Shoot; I'm so far behind I don't even know what's IN the current version.

Is there any way to access the carry bit value? That's one of the things that I see relatively frequently in my asm vs C contemplations; asm can pretty much do 9-bit math, while C can only do 8bit. This is especially annoying when you try to do something that involves rotate (CRC-like calcs, for instance.)

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@Jörg: ever tried the optimize function attribute?

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> @Jörg: ever tried the optimize function attribute?

No, but I didn't have much need for optimization switching inside
a compilation unit so far. What I did use though in the past was
to disable just a single warning for the next function (like,
"unused arguments") through similar pragmas.

The entire point of my posting above was to demonstrate that the
functionality that was requested is already available right now.

Jörg Wunsch

Please don't send me PMs, use email if you want to approach me personally.

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FYI, can accomplish that also without attributes:

void f (char c)
{
    (void) c;
}

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#define  unroll1(count, x)  if((count) & 1) { x }

#define  unroll3(count, x) unroll1((count) & 1, x)  unroll1((count)/2, x x)
#define  unroll7(count, x) unroll1((count) & 1, x)  unroll3((count)/2, x x)
#define  unrollF(count, x) unroll1((count) & 1, x)  unroll7((count)/2, x x)
#define unroll1F(count, x) unroll1((count) & 1, x)  unrollF((count)/2, x x)
#define unroll3F(count, x) unroll1((count) & 1, x) unroll1F((count)/2, x x)
#define unroll7F(count, x) unroll1((count) & 1, x) unroll3F((count)/2, x x)
#define unrollFF(count, x) unroll1((count) & 1, x) unroll7F((count)/2, x x)

#define   unroll2(count, x)   unroll1((count)/2, x x) unroll1((count & 1, x)
#define   unroll5(count, x)   unroll2((count)/2, x x)  unroll1((count) & 1, x)
#define  unroll10(count, x)   unroll5((count)/2, x x)  unroll1((count) & 1, x)
#define  unroll20(count, x)  unroll10((count)/2, x x)  unroll1((count) & 1, x)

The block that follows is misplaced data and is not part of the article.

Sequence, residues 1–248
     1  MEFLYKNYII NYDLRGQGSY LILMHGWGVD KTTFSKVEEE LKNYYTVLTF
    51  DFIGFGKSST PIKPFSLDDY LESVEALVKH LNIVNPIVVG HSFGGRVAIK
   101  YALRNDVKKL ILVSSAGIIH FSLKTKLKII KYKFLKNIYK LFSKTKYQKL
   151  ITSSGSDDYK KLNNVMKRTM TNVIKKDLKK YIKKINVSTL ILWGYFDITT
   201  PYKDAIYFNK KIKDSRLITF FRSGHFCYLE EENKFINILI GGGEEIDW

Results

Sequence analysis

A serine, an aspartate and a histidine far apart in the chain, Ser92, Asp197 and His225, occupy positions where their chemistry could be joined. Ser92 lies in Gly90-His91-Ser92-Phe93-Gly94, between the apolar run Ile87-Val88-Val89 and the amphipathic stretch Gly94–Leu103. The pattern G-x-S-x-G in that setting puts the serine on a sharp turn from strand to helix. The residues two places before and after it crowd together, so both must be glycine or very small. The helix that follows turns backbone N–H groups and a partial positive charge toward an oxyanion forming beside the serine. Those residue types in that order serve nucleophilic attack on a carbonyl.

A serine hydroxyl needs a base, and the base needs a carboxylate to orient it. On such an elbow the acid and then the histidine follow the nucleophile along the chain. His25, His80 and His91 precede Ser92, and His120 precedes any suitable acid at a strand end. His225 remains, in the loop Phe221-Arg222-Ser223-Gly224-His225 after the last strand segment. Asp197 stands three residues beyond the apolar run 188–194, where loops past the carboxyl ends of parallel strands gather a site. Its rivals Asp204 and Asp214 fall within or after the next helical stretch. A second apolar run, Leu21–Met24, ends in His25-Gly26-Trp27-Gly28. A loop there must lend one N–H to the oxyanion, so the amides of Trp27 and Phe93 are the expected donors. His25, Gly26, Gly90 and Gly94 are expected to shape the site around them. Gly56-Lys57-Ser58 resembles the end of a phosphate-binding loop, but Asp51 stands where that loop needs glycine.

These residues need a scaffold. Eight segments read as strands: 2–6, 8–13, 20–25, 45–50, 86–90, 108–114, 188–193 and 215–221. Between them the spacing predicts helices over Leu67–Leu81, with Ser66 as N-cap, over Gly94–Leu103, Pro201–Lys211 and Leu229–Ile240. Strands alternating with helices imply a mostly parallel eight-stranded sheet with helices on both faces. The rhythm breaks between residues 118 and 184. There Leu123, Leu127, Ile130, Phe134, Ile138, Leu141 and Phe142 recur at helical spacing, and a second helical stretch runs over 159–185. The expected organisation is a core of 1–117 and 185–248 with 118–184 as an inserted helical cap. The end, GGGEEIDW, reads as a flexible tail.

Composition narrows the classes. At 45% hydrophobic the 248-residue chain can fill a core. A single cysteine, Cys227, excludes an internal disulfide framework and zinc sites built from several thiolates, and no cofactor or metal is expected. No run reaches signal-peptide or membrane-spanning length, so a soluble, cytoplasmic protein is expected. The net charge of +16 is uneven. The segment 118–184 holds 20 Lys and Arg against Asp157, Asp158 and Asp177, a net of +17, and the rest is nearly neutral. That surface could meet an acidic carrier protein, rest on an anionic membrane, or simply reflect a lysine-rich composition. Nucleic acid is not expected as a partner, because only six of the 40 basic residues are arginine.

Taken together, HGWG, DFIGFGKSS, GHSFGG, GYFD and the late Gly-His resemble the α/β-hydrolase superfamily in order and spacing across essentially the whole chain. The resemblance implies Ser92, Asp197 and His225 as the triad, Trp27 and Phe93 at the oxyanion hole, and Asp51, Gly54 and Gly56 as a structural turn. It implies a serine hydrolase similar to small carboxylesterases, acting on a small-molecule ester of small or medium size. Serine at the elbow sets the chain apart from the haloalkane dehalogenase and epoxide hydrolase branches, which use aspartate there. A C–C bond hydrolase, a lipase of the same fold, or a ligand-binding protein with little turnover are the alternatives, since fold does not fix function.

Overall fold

#define  unroll50(count, x)  unroll10((count)/5, x x x x x)  \
                             unroll2((count) mod 5 / 2, x x)   \
                             unroll1((count) mod 5 mod 2, x)
#define unroll100(count, x)  unroll50((count)/2, x x)  unroll1((count) & 1, x)
#define unroll200(count, x) unroll100((count)/2, x x)  unroll1((count) & 1, x)
#define unroll255(count, x)  unrollFF(count, x)

The first parameter is the number of times the second will be executed.
The macros are named after the maximum allowed value of the first parameter.
One doesn't want too many extraneous copies of the second parameter.
Optimization should take care of the ifs.
Of course, optimization, especially -Os might turn them back into loops.

International Theophysical Year seems to have been forgotten..
Anyone remember the song Jukebox Band?

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Hmm. How about 64-bit floating point? Can I claim that that's gcc rather than avr-libc if I'm willing to settle for the standard gcc soft floating point code? (And just how bad IS that, on AVRs?) The tiny avr libm code is swell, but as AVR flash space gets bigger (including XMega), being limited to 32bit precision is getting a bit embarrassing.

If a 64bit FP library remains elusive, how about putting in the infrastructure and defining the ABIs at the avr-gcc level, so that it would be easier to experiment with partial libraries?

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Cliff suggested 64-bit double further up in this thread. I think it is a good idea if (and only if) it can be an option. I assume that would require a lot of work.

One problem with just implementing double as a 64-bit type is promotion rules and library interfaces. Existing code will incur data size and performance penalties. Sometimes, you probably want that because of the improved accuracy, but other times probably not - if the code already works, why "improve" it ?